Tightening your belt – does this mean increasing your waistline?

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In 2 Timothy 3:1 we read that in the last days ‘perilous times will come.’ I was reading this verse in a modern version and it was translated as ‘In the end days, times of stress will come.’ My Greek concordance confirmed that this was, indeed, an acceptable meaning and one which, for me, brought it much closer to home. Our nation (indeed much of the world) is experiencing stress of some kind or another and for Western nations a major factor has to be the ongoing financial crisis. This affects our standard of living which may have a direct knock-on effect on our nutrition and health and also creates an increase in stress- related illness.

Already 25% of Britain’s adult population is obese and the figure continues to rise. Researchers are reporting that three out of five people have put on weight in the last year and health experts are linking this to the recession. What they are saying is that the current economic downturn could have adverse public health consequences as more people, in their sensible quest to save money, are turning to cheaper yet less-healthy eating choices, consuming greater quantities of junk and fast foods. These are often loaded with salt, fat, and highly processed carbs (i.e., sugar and high fructose corn syrup) so they are quite tasty, but have little nutritional value.

It is ironic when you think that in the past, lower socio-economic standing often resulted in people losing weight due to lack of food. But in the modern era of plenty, obesity is closely associated with poverty because these highly processed foods are not only promoted vigorously and widely accessible, but they are also cheap.

But can you really put a price on your health or the health of your family? When you think about the things we spend our money on, does it really make a lot of sense to cut back so drastically on healthy eating in order to afford a new cell phone, for instance?

A Which? Survey in January 2009 of 2,012 adults in the UK, has shown that nearly one in four people are making healthier eating less of a priority in the wake of the financial crisis. A total of 24% of UK adults in a poll said healthier eating was less important to them in view of the downturn with more than half, or 56%, saying price has become a more important factor when choosing food since the crisis began.

There really isn’t a better way of providing nutritional meals and saving money than to cook them yourself but I realise that this isn’t always easy. Celebrity chef, Jamie Oliver, has warned the Commons Select Health Committee that the recession could contribute to an obesity “horror show”. Why? – Because people have lost the skills to make healthy meals on a budget. A whole generation has been raised on convenience foods, too busy to prepare meals from scratch, and now we don’t know where to turn to make ends met.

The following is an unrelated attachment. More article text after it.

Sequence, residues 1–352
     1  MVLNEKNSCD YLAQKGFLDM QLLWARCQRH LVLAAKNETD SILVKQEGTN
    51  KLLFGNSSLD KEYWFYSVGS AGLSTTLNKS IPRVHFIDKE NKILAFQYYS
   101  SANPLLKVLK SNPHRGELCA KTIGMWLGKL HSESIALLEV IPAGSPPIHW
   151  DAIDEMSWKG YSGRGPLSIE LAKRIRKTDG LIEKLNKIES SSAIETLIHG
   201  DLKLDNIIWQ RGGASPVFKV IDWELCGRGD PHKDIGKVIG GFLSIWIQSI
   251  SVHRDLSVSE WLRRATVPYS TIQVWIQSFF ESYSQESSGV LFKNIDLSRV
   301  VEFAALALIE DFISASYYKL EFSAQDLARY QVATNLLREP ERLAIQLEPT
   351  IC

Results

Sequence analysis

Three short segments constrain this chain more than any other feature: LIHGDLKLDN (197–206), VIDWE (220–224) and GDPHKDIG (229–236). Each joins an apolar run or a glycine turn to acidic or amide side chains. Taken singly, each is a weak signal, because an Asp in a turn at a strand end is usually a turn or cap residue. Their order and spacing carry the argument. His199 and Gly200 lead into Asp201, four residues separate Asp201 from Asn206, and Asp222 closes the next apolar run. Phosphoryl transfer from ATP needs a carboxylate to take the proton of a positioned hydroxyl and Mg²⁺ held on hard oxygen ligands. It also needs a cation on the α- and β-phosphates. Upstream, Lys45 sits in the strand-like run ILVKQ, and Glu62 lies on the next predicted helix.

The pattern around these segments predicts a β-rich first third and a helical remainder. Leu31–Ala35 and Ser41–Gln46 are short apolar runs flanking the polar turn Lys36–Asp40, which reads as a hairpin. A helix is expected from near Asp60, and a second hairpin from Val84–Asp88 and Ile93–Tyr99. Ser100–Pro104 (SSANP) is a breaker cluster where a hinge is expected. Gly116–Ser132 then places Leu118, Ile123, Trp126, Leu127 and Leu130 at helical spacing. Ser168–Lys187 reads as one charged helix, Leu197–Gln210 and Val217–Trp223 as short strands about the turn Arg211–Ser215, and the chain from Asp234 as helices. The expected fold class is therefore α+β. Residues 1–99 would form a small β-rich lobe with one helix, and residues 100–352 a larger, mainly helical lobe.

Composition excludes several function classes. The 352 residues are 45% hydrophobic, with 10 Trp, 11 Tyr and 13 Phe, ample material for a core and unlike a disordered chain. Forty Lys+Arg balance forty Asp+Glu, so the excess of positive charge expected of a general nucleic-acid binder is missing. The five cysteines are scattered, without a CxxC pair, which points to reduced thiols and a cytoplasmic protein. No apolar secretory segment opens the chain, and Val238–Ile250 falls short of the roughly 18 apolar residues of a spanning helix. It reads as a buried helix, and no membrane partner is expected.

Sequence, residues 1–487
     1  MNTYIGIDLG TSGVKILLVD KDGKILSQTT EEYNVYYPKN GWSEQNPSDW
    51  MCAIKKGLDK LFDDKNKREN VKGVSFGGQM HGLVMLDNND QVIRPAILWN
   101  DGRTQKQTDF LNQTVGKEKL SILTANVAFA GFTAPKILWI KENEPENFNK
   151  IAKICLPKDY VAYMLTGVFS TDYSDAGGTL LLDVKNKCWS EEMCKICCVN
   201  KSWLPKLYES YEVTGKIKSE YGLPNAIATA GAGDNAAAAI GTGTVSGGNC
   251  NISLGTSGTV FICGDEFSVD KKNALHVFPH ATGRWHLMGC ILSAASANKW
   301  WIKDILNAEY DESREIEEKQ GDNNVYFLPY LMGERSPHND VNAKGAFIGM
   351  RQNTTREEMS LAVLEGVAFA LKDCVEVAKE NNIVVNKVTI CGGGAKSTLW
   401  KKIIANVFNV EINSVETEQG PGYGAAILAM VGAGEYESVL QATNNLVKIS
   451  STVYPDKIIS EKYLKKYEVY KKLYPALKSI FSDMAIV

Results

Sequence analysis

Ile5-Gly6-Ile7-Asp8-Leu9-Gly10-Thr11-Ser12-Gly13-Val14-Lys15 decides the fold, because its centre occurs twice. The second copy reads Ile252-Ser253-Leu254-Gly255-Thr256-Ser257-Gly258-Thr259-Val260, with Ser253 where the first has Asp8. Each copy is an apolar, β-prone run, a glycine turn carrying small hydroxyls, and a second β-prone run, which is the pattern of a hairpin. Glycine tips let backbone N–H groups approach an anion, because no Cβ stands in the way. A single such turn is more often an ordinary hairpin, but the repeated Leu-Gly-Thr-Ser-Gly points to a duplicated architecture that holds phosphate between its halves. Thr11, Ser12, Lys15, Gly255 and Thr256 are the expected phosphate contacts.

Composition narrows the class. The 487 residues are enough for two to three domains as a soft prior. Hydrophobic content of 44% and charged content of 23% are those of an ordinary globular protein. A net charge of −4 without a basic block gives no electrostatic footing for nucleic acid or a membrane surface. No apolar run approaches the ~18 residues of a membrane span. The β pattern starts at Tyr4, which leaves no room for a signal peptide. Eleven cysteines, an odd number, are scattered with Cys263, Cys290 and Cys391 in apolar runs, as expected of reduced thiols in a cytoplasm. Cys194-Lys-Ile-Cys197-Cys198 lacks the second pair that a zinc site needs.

If you find cooking intimidating there are lots of easy, budget recipes available out there. Surf the Internet, putting in searches such as, ‘using cheap cuts of meat’ or ‘nutritional meals on a shoestring’ or scour the book shelves of charity shops for recipe books. In the meantime, here are some practical tips to help you shop wisely:

  1. Buy foods which are ‘in season’ and therefore cheaper.
  2. Frozen vegetables are often cheaper than fresh, and they don’t spoil.
  3. Consider the nutritional value of food and limit your purchase of things that are not good for your health.
  4. Make a packed lunch rather than buying it. A home-made sandwich is much cheaper, and if made on whole wheat bread, much more nutritious than most that you can buy in the shops.
  5. Use cheaper cuts of meat and cook them slowly. They will taste just as good as more expensive cuts.
  6. Buy in bulk and cook in bulk, then freeze portions.
  7. Make a shopping list and stick to it!

One thing which the ‘experts’ don’t seem to have touched on is the effect of financial anxiety on emotional eating. I have no specific evidence to back this up, but I feel pretty sure that fear, worry and anxiety over work and investments will have caused many to seek temporary solace in food. A loss of job and income can also result in low self-esteem and boredom as people have more time on their hands. All of these things contribute to inappropriate eating and obesity.

If we are indeed in the end days (as most Christians seem to acknowledge) then one thing is certain – we are going to need God to steer us through. We need his wisdom when we go out shopping for food; we need to keep our thoughts fixed on Him so that our hearts will remain at peace and we need to stand firm in our faith. He is the stability of these anxious times, not the banks or the government. If we keep our eyes on Him, we shall find that ‘though the earth shake and the mountains be cast into the midst of the sea, we shall not be moved.’

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